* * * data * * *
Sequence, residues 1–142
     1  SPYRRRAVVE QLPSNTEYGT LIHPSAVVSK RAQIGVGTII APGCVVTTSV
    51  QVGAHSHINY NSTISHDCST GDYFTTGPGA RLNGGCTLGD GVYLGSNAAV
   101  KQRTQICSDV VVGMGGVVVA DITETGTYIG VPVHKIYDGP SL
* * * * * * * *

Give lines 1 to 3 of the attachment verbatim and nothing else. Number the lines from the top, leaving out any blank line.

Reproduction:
Sequence, residues 1–142
     1  SPYRRRAVVE QLPSNTEYGT LIHPSAVVSK RAQIGVGTII APGCVVTTSV
    51  QVGAHSHINY NSTISHDCST GDYFTTGPGA RLNGGCTLGD GVYLGSNAAV